In a small saucepan, whisk together cornstarch, milk, sugar and egg yolks. Split the vanilla bean, scrape out  seeds and add both the seeds and the bean to the pan. Cook over medium heat, whisking constantly, until mixture thickens, about 5-6 minutes. Take the pastry cream off the heat, remove the vanilla bean and strain through a fine mesh sieve into a medium bowl. Press a piece of plastic wrap directly onto the surface of the cream to prevent a skin from forming. Place in the fridge until completely cooled, about 1 hour.

Vanilla cake

125 g (1 cup) flour
1 tsp baking powder
pinch of salt
4 eggs
1/2 vanilla bean, split down the middle and seeds scraped out
175 g (a scant 2 cups) sugar
1/2 lemon, zested
50 g (1/2 cup) finely ground almonds
100 g (7 tbsp) butter, melted

Preheat the oven to 350 degrees F. Butter a 9-inch round cake pan and line the bottom with parchment paper.

In a small bowl, whisk together flour, baking powder and salt. In the bowl of an electric mixer fitted with the whisk attachment, whip eggs, sugar and vanilla seeds on high speed until the mixture turns pale yellow and thick and the sugar is completely dissolved, about 3-5 minutes. Stir in lemon zest and ground almonds.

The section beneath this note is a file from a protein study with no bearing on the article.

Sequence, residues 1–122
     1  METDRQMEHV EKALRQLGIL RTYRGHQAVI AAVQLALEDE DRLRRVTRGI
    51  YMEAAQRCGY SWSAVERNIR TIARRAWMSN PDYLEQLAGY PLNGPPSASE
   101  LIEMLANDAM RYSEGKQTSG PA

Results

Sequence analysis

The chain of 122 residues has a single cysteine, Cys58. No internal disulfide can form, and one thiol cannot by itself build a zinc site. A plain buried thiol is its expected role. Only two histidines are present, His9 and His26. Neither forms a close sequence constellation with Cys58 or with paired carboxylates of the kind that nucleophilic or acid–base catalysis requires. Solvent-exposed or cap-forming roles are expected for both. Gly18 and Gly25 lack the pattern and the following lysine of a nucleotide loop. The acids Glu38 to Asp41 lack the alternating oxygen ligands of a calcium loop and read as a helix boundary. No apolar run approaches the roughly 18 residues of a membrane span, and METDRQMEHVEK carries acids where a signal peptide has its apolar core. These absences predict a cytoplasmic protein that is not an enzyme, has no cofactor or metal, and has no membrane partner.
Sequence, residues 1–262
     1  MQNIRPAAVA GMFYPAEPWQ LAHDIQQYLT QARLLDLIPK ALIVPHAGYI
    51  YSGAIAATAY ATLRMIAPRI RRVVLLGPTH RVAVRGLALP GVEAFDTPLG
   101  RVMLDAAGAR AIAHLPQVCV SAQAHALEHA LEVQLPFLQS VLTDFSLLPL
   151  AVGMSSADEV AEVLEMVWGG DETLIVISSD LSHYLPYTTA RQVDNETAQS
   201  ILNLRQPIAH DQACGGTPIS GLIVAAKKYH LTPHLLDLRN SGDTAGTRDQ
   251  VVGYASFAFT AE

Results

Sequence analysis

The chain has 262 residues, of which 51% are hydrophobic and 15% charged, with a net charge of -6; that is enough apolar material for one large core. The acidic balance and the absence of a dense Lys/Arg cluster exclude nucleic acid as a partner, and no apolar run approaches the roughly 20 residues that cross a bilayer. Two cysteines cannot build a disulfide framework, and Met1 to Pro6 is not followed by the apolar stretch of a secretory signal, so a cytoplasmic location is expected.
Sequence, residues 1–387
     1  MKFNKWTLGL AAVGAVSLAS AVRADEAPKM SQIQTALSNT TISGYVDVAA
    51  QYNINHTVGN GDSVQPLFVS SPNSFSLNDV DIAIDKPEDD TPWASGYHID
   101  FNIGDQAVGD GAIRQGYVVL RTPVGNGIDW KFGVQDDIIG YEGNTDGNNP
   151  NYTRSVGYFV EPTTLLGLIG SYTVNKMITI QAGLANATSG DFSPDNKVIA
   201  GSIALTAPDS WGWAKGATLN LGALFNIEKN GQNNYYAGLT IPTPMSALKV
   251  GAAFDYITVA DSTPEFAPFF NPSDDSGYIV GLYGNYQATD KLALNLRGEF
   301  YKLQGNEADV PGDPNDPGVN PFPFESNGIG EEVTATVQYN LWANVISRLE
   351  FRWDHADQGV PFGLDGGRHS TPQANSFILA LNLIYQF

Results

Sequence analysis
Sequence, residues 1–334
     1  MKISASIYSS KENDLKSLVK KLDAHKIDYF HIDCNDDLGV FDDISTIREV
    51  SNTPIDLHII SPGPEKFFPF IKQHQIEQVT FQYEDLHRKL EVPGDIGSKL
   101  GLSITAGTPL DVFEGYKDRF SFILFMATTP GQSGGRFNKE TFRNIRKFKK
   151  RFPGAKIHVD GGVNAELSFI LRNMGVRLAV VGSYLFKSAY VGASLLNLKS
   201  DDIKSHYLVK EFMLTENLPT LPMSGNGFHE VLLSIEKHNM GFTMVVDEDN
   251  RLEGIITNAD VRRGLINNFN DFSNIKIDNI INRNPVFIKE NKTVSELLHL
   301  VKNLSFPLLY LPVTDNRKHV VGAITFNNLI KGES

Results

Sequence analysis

Using a rubber spatula, gently fold in the melted butter and finally the flour mixture, until completely combined.

Pour batter into the prepared pan and bake until golden brown and firm to the touch, about 30-35 minutes. Let cool for 10 to 15 minutes in the pan, then invert onto a cooling rack and peel off the parchment. Let cool completely.

Assemble the strawberry layer cake

1/2 l (2 cups) heavy cream
150-200 g (1 cup) strawberries, whole or sliced

Whip heavy cream just until soft peaks form. Set aside about a third of the whipped cream. Gently stir the rest of the whipped cream into the cooled pastry cream, adding a little at a time. Be careful not to stir too vigorously, as you will risk churning the cream into butter.

Using a serrated knife, horizontally split the cake in three parts.* Place the bottom layer on a serving platter. Spoon half of the strawberry filling onto the cake and spread evenly. Top with half of the pastry cream mixture, then place the second cake layer on top and press down gently. Spread with remaining strawberry filling and pastry cream, and top with the last cake layer. Evenly spread reserved whipped cream over  top of the cake and garnish with whole or sliced berries.

Makes one 9-inch cake (8-10 servings).

*Since this was just a weeknight dessert for 4, I halved the recipe, baked it up in a 6-inch cake pan and kept it simple by sticking with two layers. I definitely recommend making three layers though. Since the layers come out thinner, the entire cake is soaked with intense strawberry flavor.

Strawberry cordial aka how to enjoy the taste of summer all year round

Strawberry cordial aka how to enjoy the taste of summer all year round

About The Baking Society

The National Baking Society is dedicated to preserving American baking standards,techniques, ingredients, ideas and recipes. In less extravagant ornate prose, The National Baking Society is a blog from the folks at Baked.